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Ankle Fracture

Last updated May 1, 2018

Approved by: Maulik P. Purohit MD, MPH

A Pott's fracture is a type of ankle fracture that is characterized by a break in one or more bony prominences on the sides of the ankle known as the malleoli.

What are the other Names for this Condition? (Also known as/Synonyms)

  • Broken Ankle
  • Fracture of the Ankle
  • Fractured Ankle

What is Ankle Fracture? (Definition/Background Information)

  • An Ankle Fracture is a break or crack, in one or more pieces of the bones that make up the ankle joint
  • A majority of the injuries that cause Ankle Fractures occur from high-energy impact, due to athletic sports or motor vehicle accidents. Other reasons for an Ankle Fracture also include, fall from a substantial height
  • This injury predominantly occurs in older individuals and young athletes, who participate in rough or high-impact sports

Who gets Ankle Fracture? (Age and Sex Distribution)

  • Ankle Fractures may occur in individuals of all ages, gender, races, or ethnic groups
  • Young athletes, who participate in high-impact sports, or older individuals with weak bones, have the highest rate of occurrence of such fractures

What are the Risk Factors for Ankle Fracture? (Predisposing Factors)

Common risk factors associated with Ankle Fractures include:

  • Participation in high-risk contact sports, such as basketball, football
  • An advanced age (the elderly are more prone to Ankle Fractures)
  • Reduced bone mass (osteoporosis) in postmenopausal women, or inactive older individuals (having a lack of physical activities or exercise)

It is important to note that having a risk factor does not mean that one will get the condition. A risk factor increases ones chances of getting a condition compared to an individual without the risk factors. Some risk factors are more important than others.

Also, not having a risk factor does not mean that an individual will not get the condition. It is always important to discuss the effect of risk factors with your healthcare provider.

What are the Causes of Ankle Fracture? (Etiology)

Some of the common causes associated with an Ankle Fracture may include:

  • A direct fall on the ankle from a significant height
  • Direct trauma to the ankle, such as due to an automobile accident
  • Participation in any rough or high-impact sport

What are the Signs and Symptoms of Ankle Fracture?

Signs and symptoms of an Ankle Fracture include:

  • Severe and immediate pain at the site, where the injury occurred
  • Swelling, noticeable deformity of the ankle
  • Feeling of a tender sensation when touched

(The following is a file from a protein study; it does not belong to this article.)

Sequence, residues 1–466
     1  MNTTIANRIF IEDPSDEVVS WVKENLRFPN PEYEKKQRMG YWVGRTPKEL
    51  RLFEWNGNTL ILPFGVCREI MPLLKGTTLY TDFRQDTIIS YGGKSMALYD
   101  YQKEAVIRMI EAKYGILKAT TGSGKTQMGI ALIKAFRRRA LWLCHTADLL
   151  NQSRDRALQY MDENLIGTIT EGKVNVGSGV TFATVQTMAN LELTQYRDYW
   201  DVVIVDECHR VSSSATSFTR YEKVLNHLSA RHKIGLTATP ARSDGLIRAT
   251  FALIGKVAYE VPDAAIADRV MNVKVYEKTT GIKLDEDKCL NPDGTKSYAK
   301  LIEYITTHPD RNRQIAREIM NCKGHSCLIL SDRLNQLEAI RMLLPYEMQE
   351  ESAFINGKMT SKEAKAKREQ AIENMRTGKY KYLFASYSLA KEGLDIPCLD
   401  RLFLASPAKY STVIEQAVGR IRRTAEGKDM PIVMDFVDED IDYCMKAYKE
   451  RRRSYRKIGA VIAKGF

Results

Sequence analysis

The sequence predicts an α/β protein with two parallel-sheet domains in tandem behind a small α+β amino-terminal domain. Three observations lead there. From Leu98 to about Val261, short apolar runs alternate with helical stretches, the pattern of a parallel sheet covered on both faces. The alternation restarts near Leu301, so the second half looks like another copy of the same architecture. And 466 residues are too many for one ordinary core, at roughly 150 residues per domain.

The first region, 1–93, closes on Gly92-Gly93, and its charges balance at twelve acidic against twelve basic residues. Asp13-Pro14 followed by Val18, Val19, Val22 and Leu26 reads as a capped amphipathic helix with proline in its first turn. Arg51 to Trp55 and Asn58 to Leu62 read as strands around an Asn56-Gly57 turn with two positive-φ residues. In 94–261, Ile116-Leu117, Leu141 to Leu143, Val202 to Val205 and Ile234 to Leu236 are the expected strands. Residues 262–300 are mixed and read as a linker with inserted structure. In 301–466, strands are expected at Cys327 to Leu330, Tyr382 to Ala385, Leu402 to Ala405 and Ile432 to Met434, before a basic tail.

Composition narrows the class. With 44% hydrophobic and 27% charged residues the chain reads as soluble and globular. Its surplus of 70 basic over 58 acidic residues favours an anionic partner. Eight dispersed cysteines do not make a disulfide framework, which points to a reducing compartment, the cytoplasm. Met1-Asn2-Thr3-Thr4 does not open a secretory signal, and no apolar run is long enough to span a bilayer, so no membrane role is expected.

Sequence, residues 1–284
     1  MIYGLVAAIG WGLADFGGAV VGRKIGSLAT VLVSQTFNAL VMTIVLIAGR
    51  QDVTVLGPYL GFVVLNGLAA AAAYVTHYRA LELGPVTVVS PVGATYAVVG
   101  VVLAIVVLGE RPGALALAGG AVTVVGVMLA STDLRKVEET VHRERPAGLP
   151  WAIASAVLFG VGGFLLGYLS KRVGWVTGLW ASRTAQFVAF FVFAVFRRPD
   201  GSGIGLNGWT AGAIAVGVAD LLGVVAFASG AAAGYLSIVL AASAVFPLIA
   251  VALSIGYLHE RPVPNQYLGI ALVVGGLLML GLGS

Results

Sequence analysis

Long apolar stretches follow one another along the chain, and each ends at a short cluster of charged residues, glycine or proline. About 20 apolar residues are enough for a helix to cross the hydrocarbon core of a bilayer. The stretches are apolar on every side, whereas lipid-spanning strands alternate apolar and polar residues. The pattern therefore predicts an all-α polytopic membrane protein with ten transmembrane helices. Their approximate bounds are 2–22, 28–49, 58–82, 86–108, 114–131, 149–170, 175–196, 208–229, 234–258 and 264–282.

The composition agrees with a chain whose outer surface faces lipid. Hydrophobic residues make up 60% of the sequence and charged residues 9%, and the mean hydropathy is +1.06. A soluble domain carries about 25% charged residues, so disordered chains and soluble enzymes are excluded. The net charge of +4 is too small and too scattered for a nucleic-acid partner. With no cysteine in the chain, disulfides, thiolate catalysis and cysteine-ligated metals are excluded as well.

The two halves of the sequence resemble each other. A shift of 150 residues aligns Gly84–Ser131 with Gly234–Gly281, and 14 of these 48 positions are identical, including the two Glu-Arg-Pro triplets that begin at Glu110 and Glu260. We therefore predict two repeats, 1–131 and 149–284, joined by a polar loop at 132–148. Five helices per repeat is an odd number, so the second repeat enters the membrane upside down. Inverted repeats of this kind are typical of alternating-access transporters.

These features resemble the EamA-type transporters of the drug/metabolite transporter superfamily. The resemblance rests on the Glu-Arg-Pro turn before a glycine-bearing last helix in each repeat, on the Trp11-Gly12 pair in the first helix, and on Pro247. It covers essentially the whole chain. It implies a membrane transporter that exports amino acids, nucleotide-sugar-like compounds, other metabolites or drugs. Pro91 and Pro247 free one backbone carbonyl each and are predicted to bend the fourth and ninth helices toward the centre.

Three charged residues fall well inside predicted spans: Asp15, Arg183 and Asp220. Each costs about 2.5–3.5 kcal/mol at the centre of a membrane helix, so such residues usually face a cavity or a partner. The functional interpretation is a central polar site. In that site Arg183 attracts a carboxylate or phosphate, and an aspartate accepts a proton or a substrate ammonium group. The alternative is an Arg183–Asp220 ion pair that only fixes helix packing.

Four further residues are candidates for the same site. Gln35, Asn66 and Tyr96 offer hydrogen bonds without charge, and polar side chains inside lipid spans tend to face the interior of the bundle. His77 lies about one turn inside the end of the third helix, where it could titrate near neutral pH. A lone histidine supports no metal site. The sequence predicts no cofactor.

• Noticeable bruising
  • Inability to apply any weight, put pressure on the ankle

How is Ankle Fracture Diagnosed?

Diagnostic methods that a physician may use to help diagnose an Ankle Fracture include:

  • Physical examination: A thorough physical examination is important in identifying any noticeable deformities, swelling, contusions within the ankle. Individuals are also expected to provide an explanation of the circumstances that caused the injury. In addition to this, a complete medical history may aid in arriving at a definitive diagnosis
  • X-ray: X-rays are commonly used in evaluating a fracture; to see if the bone has been displaced. This diagnostic imaging test helps provide a clear image of the bone, identify exact location of the injury, and determine the extent of the fracture
  • Computerized tomography (CT) scan: A CT scan takes a series of x-ray images from several different angles. These images are then merged, to create cross-sectional images of bones and soft tissues with the body. This allows a physician to examine the ankle and surrounding structures
  • Magnetic resonance imaging (MRI): An MRI scan is a more detailed scan that uses radio waves and a magnetic field, to generate thorough images of the interior bones and soft tissues
  • Bone scan: A bone scan is a diagnostic method used to identify any bone abnormalities, by injecting tiny amounts of radioactive material into the bloodstream

Many clinical conditions may have similar signs and symptoms. Your healthcare provider may perform additional tests to rule out other clinical conditions to arrive at a definitive diagnosis.

What are the possible Complications of Ankle Fracture?

Complications associated with Ankle Fractures include:

  • Degenerative joint disease (osteoarthritis)
  • Osteonecrosis: A serious disorder characterized by the temporary or permanent disruption of blood flow, to the bones
  • Abnormal deformity, permanent disability of the ankle
  • Prolonged chronic pain